The Conversation

Why Latino Citizens Are Worrying More About Deportations

In a study published on April 6, I found Latino U.S. citizens’ deportation fears to be on the rise. Whereas 41% worried about deportation in 2007, 48% did in 2018. This amounts to about 13.6 million Latino U.S. citizens fearing deportation.

  • Apr 6, 2020
  • 6:25 PM

How Coronavirus Threatens the Seasonal Farmworkers at the Heart of the American Food Supply

Most of these workers are employed seasonally to perform the hard manual labor of cultivating and harvesting crops. One-half to three-quarters of them were born outside of the United States, with the majority holding Mexican citizenship.

  • Apr 6, 2020
  • 3:50 PM

Coronavirus: Europeans Introduced Devastating Novel Diseases to the Indigenous Americas—Here’s What the Survivors Learned

Many Indigenous groups are now blockading access to their communities, fearing COVID-19 infection.

  • Apr 2, 2020
  • 4:53 PM

By Sending Doctors to Italy, Cuba Continues Its Long Campaign of Medical Diplomacy

Cuba has sent more than 400,000 healthcare professionals to work in 164 countries, according to statistics published by the state media.

  • Mar 31, 2020
  • 4:04 PM

All Latinos Don’t Vote the Same Way: Their Place of Origin Matters

For many Latinos, political events that affect their places of origin significantly influence their electoral preferences.

  • Mar 23, 2020
  • 1:22 PM

3 Ways the Coronavirus Pandemic Is Changing Who We Are

The pandemic affects our psyches three ways: It influences how we think, how we relate to others and what we value.

  • Mar 23, 2020
  • 11:15 AM

How to Talk to Someone You Believe Is Misinformed About the Coronavirus

Instead of treating the conversation as a corrective lecture, treat the other person as an equal partner in the discussion.

  • Mar 17, 2020
  • 3:49 PM

Fear Can Spread From Person to Person Faster Than the Coronavirus, But There Are Ways to Slow It Down

As cases of COVID-19 proliferate, there’s a pandemic of fear unfolding alongside the pandemic of the coronavirus.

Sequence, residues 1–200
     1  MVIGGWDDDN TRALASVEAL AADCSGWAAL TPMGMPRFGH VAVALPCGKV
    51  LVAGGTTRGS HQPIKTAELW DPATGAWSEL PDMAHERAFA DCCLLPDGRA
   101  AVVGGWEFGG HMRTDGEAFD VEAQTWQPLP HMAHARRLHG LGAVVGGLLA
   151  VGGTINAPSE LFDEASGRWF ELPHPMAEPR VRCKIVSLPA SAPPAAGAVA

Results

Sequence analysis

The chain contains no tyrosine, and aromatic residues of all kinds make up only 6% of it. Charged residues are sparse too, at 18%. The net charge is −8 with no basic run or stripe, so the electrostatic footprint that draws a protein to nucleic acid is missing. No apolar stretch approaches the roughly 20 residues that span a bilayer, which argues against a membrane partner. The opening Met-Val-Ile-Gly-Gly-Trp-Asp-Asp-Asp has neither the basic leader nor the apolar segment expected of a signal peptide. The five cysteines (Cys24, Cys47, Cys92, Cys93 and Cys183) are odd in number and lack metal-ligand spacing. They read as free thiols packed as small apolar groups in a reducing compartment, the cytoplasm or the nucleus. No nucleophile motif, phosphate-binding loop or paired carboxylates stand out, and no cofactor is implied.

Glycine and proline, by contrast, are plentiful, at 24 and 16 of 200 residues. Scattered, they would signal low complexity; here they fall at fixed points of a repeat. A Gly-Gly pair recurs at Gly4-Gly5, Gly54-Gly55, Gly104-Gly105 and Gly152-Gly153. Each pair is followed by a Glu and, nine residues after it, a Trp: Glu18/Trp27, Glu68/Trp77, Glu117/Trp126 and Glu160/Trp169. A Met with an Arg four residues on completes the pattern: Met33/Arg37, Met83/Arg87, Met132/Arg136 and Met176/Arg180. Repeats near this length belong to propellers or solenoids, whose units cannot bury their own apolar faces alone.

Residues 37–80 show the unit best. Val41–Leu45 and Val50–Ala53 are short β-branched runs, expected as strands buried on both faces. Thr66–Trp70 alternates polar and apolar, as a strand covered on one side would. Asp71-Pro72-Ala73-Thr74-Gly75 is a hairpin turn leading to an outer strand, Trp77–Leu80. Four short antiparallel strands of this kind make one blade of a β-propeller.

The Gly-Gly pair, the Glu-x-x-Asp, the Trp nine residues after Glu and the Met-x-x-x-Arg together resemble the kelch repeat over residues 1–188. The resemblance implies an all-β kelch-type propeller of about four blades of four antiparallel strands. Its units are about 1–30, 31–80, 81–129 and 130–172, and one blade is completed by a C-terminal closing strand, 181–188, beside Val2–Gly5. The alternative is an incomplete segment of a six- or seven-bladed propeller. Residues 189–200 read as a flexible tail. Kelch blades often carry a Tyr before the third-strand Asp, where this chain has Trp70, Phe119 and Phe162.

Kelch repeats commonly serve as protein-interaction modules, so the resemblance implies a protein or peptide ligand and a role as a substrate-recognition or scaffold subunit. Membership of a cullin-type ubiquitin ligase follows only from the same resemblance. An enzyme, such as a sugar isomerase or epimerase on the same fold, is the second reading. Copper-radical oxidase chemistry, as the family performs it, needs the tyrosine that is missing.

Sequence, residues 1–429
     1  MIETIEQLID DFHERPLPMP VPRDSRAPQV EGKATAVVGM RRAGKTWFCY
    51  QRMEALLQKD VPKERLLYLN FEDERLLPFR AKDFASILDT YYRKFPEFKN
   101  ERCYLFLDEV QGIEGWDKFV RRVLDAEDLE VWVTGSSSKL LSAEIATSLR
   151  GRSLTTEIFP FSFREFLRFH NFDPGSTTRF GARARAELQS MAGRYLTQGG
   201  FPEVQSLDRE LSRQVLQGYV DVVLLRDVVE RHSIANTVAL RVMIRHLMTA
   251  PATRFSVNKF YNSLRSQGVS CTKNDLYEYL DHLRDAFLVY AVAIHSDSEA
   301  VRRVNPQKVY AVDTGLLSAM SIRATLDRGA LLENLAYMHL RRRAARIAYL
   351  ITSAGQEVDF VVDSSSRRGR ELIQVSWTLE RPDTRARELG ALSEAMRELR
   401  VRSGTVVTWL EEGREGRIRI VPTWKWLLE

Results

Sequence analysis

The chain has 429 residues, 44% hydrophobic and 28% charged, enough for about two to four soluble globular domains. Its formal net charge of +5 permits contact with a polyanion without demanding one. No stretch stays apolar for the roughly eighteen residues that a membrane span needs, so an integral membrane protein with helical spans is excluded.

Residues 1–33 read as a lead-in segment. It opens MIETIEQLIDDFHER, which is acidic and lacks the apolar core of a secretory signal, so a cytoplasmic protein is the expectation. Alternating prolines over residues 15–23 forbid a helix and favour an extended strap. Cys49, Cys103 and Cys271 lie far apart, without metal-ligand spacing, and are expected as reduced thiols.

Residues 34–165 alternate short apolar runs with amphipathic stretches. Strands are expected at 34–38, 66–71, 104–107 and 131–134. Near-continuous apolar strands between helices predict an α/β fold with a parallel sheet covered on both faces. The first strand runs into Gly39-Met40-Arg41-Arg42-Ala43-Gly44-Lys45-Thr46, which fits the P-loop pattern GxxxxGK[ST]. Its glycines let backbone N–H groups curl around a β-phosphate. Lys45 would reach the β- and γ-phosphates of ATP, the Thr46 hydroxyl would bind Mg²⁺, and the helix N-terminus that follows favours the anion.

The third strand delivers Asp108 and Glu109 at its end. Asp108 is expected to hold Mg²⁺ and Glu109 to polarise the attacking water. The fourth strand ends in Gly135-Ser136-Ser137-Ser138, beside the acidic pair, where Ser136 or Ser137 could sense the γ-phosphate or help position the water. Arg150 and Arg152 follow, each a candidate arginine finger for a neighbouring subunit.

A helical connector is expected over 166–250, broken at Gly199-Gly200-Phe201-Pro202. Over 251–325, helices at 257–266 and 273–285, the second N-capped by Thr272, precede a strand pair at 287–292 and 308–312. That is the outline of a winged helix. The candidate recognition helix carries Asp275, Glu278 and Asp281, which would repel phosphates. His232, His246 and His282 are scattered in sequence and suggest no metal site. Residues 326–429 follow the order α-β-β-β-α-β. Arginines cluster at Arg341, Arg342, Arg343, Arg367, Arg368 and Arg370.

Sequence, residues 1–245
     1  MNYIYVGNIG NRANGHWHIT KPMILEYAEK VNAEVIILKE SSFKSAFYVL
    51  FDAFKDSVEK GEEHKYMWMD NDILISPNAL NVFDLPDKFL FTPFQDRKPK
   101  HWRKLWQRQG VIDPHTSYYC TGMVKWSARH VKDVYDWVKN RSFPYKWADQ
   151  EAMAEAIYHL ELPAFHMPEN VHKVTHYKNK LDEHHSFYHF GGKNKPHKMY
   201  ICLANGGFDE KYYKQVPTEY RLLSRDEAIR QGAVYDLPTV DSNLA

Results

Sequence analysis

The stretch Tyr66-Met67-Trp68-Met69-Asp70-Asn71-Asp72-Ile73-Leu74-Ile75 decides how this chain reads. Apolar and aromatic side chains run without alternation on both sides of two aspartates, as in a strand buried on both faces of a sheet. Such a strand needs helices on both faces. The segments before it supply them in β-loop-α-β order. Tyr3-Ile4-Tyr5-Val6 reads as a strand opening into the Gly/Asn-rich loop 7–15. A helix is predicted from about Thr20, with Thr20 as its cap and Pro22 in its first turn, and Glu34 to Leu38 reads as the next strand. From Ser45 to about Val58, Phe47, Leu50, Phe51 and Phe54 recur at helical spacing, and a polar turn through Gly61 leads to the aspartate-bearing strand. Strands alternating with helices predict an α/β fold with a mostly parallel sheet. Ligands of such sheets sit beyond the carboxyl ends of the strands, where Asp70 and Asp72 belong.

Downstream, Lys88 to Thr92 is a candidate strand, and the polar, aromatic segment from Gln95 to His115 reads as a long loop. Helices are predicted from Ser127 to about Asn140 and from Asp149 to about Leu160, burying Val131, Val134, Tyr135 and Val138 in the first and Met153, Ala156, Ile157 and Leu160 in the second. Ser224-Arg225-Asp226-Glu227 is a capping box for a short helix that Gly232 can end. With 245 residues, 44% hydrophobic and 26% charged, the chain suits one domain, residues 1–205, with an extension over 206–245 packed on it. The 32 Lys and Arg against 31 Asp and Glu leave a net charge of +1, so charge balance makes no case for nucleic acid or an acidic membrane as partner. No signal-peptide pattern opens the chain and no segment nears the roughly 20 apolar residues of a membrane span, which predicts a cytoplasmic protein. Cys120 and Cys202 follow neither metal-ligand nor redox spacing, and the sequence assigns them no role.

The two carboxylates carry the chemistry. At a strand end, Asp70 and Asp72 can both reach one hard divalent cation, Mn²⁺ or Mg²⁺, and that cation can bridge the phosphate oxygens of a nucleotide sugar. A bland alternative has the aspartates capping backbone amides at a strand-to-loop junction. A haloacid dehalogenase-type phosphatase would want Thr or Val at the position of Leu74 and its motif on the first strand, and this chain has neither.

• Mar 16, 2020
  • 11:24 AM

Slim and Skinny: How Access to TV Is Changing Beauty Ideals in Rural Nicaragua

The more television people watch the more they prefer a thinner female body type.

  • Mar 9, 2020
  • 5:10 PM

Indigenous People May Be the Amazon’s Last Hope

Brazil’s divisive President Jair Bolsonaro has taken another step in his bold plans to develop the Amazon rainforest.

  • Mar 4, 2020
  • 2:04 PM

Fringe Religious Party Gains Power in Crisis-Stricken Peru

After 40 years of failing to qualify for a national election, the political party of the Israelites —called the Agricultural People’s Front of Peru, or Frepap— won 15 congressional seats. In a fragmented Congress with nine parties, that makes the Israelites the third-largest legislative bloc.

  • Mar 3, 2020
  • 10:06 AM

A Guerrilla-To-Entrepreneur Plan in Colombia Leaves Some New Businesswomen Isolated and at Risk

In Colombia, as in other conflict zones, rejoining society after war is generally more challenging for women.

  • Feb 26, 2020
  • 6:46 PM

Hundreds of County Jails Detained Immigrants for ICE

More so than federally operated facilities, county jails, along with facilities operated by for-profit companies, have come to hold for ICE the lion’s share of immigrant detainees facing removal proceedings.

  • Feb 11, 2020
  • 10:12 AM

AMERICAN DIRT Fiasco Exposes Publishing Industry That’s Too Consolidated, Too White and Too Selective

As someone who studies the publishing business, I see this ordeal as a symptom of an industry that relies far too heavily on a handful of predetermined “big books,” and whose gatekeepers remain predominantly white.

  • Feb 6, 2020
  • 9:25 AM

Puerto Rico Earthquakes Imperil Island’s Indigenous Heritage

Many indigenous ruins lie along the shore, where ancient settlements thrived.

  • Jan 28, 2020
  • 1:38 PM

US and Cuba Spar Over Jailed Dissident, But Is José Daniel Ferrer Really a Political Prisoner?

The two countries are in dispute over the prolonged detention of a Cuban dissident.

  • Jan 24, 2020
  • 1:23 PM

Refugee Stories Reveal Anxieties About the Canada-U.S. Border

Canadian leaders have desperately tried to preserve the country’s image of liberal humanitarianism at our border, but they have instead been confronted with the reality that Canada’s border and immigration history is built upon exclusion, securitization and anxieties related to border management.

  • Jan 21, 2020
  • 11:08 AM

Supreme Court DACA Decision Isn’t Just About Dreamers—It’s About Whether the White House Has to Tell the Truth

Under American law does the executive branch have to give complete and accurate reasons for its actions?

  • Jan 16, 2020
  • 2:32 PM

Earthquake Forecast for Puerto Rico: Dozens More Large Aftershocks Are Likely

Seismologists like me are constantly working to better understand earthquakes, including advancing ways to help vulnerable communities before, during and after damaging events.

  • Jan 16, 2020
  • 10:43 AM

How a Chilean Dog Ended Up as a Face of the New York City Subway Protests

Stickers bearing the dog’s image jumping a turnstile appeared on subway walls and trains.

  • Jan 8, 2020
  • 2:57 PM

Unrest in Latin America Makes Authoritarianism Look More Appealing to Some

That’s the startling finding of a still-unpublished study I conducted using data from the AmericasBarometer, a survey undertaken every two years in Latin American countries

  • Jan 6, 2020
  • 11:50 AM